Mr. Sheerman: To ask the Secretary of State for Education and Skills (1) what steps he is taking to ensure that there are sufficient facilities for school students who require insulin injections during the school day to have the necessary medical support in schools; 
Jim Knight: The DfES and DH have jointly recommended to schools, in Managing Medicines in Schools and Early Years Settings (2005) that they should, with support from their local authority and local health professionals, develop policies on managing medicines and put in place effective management systems to support individual children with medical needs, including diabetes. The guidance advises that schools should have sufficient support staff who are trained to manage medicines as part of their duties. We have no plans to monitor training of school staff in this specific area.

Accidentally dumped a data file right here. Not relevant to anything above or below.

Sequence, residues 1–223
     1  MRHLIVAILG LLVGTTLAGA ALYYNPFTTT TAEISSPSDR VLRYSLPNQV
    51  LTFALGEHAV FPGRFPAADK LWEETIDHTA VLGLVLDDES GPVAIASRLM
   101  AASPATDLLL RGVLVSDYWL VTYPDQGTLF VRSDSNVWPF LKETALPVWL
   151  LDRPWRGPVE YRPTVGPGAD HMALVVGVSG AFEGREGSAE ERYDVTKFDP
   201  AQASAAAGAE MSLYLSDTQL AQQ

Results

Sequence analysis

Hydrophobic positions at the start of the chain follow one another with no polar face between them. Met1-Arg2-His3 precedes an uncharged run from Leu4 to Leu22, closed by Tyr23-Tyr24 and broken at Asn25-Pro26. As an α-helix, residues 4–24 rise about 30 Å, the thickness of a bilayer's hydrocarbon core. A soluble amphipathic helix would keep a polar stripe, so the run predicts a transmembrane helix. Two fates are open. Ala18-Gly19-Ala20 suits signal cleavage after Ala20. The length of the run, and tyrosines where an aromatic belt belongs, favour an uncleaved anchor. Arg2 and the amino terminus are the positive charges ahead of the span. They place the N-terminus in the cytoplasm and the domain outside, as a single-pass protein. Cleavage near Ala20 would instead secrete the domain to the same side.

Jim Knight: The internet based Learner Registration Service (LRS), which will assign the unique learner number will be launched in September 2007. The service will be available for everyone over the age of 14 in education and training.
Mr. Willetts: To ask the Secretary of State for Education and Skills what monitoring procedures are in place to ensure that his Departments guidance on school complaints procedures, LEA/01/0180/2003, is adhered to by schools and governing bodies.